But the BBC is to dramatise the latest revelations with Gwyneth Paltrow playing Wallis Simpson. The American Woman will explore the alleged affair between Ribbentrop, the German Ambassador in 1936, and Simpson.

The files confirm that Winston Churchill played desperately for time on the king’s behalf in the hope of rallying public opinion behind him. In an urgent, handwritten letter to prime minister Stanley Baldwin, he claimed that Edward VIII was very near breaking point and was even suffering blackouts.

They show Mrs Simpson playing an even higher risk strategy, perhaps maintaining an illicit lover even while she was pursuing the king. Her divorce from Ernest Simpson is fully documented for the first time, revealing how senior law officers covered up obvious evidence of collusion that would have invalidated the separation.

It is evident that Mrs Simpson was under police surveillance long before the crisis erupted, but there is no absolute confirmation that the duke committed adultery with her. That she aroused the fury and contempt of the establishment is clear from the damning memorandum written by the Downing Street “fixer” Sir Horace Wilson shortly after the king’s departure.

He observed: “There was on her side no indication of any affection. On the contrary, her line throughout seemed to be to feather her own nest and to save her own skin. “She steadily ‘fed’ [the American Hearst press]with material which gradually brought matters to a head in a way which made the king’s position untenable.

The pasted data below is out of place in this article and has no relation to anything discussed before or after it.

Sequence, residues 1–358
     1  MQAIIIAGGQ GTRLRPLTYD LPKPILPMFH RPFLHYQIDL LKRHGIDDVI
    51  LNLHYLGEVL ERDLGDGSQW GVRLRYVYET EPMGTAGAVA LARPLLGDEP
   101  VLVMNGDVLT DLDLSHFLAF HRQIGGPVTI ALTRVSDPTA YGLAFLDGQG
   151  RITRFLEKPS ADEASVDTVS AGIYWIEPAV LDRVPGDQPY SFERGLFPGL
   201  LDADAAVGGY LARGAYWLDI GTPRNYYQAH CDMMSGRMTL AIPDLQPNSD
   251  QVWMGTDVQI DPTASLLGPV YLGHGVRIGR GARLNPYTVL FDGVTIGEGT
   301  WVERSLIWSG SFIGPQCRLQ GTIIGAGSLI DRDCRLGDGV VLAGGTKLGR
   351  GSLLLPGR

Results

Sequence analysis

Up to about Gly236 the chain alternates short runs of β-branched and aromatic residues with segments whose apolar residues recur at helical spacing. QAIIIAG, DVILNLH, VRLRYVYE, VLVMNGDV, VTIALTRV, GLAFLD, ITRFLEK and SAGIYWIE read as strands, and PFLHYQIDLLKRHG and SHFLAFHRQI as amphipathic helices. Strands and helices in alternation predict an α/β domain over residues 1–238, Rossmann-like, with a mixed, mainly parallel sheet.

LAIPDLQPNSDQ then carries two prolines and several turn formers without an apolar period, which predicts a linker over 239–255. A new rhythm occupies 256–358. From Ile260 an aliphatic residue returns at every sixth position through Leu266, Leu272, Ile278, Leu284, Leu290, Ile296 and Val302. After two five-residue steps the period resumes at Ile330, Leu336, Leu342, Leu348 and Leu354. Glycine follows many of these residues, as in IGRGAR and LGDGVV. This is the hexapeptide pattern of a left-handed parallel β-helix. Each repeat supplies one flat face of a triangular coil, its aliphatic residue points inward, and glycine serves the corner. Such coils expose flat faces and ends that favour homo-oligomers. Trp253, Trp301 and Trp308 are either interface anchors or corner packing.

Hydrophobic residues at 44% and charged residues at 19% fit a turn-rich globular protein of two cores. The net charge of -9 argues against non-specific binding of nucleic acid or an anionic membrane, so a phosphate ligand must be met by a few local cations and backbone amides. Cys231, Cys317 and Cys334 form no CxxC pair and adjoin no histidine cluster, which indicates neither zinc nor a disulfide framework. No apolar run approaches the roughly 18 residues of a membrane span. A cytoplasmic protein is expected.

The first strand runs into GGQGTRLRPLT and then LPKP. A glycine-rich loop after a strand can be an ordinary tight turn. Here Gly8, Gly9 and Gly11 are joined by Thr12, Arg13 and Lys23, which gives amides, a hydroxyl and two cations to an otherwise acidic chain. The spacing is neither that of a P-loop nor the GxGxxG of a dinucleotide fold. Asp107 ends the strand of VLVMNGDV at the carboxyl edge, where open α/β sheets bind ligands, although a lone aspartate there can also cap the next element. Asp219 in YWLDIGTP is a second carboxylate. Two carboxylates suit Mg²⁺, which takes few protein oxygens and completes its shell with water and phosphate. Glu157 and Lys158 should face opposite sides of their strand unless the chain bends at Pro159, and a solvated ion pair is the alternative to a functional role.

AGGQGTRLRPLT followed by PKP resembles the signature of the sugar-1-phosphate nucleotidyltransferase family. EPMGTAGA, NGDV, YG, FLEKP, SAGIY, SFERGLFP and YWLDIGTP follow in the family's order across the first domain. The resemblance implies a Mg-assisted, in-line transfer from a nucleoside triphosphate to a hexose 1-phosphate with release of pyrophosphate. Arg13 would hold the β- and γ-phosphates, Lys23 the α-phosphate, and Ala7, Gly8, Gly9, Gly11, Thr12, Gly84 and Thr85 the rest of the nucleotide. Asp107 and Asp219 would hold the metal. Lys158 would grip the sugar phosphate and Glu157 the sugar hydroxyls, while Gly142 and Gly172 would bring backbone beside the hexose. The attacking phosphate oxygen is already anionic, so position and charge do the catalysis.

“To know all is to forgive all, and all is not known. But subject to that, the conclusion seems to be: selfish, self-seeking, hard, calculating, ambitious, scheming and dangerous.”

Once the story broke in the British press in the first week of December 1936, public opinion rapidly moved against the king. The prime minister was receiving confidential messages that institutions that had previously enthusiastically supported Edward would turn against him.

Twelve years after George VI denied Wallis Simpson the title of Her Royal Highness on her marriage to his brother, the King’s continued opposition ensured that Clement Attlee rejected the Duke of Windsor’s strenuous appeals. A file among the Prime Minister’s private correspondence released with the Abdication papers makes clear “the deliberate steps taken to deprive the Duchess of the title”, an issue which poisoned the relationship between the royal brothers to the end.

Once the story broke in the British press in the first week of December 1936, public opinion rapidly moved against the king. The prime minister was receiving confidential messages that institutions that had previously enthusiastically supported Edward would turn against him.

Twelve years after George VI denied Wallis Simpson the title of Her Royal Highness on her marriage to his brother, the King’s continued opposition ensured that Clement Attlee rejected the Duke of Windsor’s strenuous appeals. A file among the Prime Minister’s private correspondence released with the Abdication papers makes clear “the deliberate steps taken to deprive the Duchess of the title”, an issue which poisoned the relationship between the royal brothers to the end.

(First published in Royalty Magazine Volume 18-05.)